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women, and they preferred to show their hardi-
hood by riding bareback always.

All of the smaller children,, except those in the
carrier bags5 were put on ponies by the mothers,
who told us boys to tie them there while they got
out their buffalo knives and sharpened them for
the hunt. We took the feet of the little ones and
pushed them under the cinch-band^ so that they
were held tightly against the horse's withers; and
then we took a piece of rawhide and tied them
there so that they wrould not work out when the
horse should trot.

Our fathers gave us boys a bunch of ponies we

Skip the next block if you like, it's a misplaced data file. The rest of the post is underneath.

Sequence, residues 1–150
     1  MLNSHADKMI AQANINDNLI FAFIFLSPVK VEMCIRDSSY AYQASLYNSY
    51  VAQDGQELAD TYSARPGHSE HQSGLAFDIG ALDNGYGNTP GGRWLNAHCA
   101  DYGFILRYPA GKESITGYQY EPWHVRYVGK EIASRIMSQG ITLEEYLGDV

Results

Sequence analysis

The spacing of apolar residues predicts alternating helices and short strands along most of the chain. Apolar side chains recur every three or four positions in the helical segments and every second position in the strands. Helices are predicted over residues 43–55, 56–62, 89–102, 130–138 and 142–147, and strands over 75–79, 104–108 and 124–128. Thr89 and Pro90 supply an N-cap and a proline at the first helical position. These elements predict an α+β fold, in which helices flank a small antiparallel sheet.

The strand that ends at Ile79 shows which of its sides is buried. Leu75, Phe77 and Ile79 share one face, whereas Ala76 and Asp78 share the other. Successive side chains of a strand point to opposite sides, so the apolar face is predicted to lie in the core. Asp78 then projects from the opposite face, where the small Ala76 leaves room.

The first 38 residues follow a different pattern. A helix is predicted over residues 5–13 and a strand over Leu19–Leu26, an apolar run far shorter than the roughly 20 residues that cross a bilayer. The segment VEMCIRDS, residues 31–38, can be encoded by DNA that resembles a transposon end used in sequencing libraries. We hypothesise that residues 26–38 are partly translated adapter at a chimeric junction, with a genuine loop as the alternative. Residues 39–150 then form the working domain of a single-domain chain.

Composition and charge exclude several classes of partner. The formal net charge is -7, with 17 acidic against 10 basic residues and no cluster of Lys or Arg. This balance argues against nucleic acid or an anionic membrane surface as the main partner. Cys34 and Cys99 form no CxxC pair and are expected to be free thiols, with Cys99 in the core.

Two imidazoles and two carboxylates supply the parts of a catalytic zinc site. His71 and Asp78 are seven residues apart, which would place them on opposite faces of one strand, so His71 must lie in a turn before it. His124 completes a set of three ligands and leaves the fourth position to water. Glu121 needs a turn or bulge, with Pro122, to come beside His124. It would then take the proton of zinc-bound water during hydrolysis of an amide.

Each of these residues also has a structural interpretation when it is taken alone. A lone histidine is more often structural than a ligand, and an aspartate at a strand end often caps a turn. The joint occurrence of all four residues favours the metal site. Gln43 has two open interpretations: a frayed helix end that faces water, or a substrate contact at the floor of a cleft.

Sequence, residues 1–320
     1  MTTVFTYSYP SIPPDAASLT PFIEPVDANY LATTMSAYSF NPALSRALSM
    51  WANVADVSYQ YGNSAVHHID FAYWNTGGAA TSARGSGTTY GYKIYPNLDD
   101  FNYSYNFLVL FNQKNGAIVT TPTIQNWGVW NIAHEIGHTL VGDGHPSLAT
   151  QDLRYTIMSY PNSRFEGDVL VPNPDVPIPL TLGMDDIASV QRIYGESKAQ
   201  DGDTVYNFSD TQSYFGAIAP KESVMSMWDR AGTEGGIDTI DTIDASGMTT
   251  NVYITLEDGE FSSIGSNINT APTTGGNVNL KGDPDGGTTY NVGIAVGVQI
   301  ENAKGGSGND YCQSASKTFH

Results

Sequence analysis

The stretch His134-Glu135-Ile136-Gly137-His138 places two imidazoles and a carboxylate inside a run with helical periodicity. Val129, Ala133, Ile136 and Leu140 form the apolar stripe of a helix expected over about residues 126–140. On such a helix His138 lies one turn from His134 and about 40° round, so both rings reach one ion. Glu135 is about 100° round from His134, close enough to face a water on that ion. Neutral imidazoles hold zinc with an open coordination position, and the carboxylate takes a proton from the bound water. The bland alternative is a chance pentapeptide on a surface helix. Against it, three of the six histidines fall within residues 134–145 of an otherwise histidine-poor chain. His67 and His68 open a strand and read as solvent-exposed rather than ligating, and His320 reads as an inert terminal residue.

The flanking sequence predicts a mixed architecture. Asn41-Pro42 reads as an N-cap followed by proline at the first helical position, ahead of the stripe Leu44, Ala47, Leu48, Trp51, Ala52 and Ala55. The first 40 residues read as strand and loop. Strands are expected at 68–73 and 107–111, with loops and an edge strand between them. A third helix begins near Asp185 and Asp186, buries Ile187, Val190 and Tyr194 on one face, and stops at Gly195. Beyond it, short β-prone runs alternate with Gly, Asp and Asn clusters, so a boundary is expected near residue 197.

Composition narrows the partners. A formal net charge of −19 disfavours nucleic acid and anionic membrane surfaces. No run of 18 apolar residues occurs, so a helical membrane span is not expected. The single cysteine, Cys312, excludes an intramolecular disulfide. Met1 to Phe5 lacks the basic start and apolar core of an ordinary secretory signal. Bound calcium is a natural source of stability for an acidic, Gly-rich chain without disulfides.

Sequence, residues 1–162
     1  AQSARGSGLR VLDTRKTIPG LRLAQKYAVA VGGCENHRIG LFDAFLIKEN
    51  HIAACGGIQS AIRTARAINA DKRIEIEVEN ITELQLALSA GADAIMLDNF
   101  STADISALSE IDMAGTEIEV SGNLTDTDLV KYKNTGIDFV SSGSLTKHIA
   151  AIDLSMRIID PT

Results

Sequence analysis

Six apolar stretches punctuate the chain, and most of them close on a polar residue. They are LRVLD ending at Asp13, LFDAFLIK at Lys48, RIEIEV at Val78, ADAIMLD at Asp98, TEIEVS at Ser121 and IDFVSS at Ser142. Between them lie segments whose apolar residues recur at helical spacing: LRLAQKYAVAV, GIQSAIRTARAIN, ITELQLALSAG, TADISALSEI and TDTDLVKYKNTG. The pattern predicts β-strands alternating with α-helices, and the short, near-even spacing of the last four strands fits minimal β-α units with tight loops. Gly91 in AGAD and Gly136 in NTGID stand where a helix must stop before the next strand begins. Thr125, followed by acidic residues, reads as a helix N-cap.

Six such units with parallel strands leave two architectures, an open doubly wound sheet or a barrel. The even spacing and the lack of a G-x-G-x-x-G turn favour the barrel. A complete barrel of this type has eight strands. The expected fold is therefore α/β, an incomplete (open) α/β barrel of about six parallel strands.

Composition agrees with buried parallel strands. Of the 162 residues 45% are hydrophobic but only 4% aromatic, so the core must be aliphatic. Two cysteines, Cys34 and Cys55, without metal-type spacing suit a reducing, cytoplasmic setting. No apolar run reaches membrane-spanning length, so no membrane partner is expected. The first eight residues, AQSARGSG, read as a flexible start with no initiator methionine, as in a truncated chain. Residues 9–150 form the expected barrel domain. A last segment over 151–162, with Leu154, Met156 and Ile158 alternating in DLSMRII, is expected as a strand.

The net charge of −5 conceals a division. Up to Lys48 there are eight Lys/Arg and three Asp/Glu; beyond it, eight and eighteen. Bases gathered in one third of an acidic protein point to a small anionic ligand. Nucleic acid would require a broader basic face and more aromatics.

had taken from the Crows and told us to make
bridles and get on them. When we did they
started to buck and throw us off. We kept climb-
Ing back on them? and they kept throwing us to
the ground and taking a flying kick at us. Our
fathers, already mounted with their guns, w?ere all
yelling at us:

'Akakimat! Akakimat!—$t&j with it! Stay
with it!'

Ponies were bobbing up and down all over the
place, and we boys were hurtling through the air
and hitting the ground with a grunt and a laugh.
We were having great fun. But the girls com-
menced to laugh at us and shout: 'Kipitakkieks!
Kipitakkieks!—Old women! Old women!' This
peeved us—to be called 'old women'—and we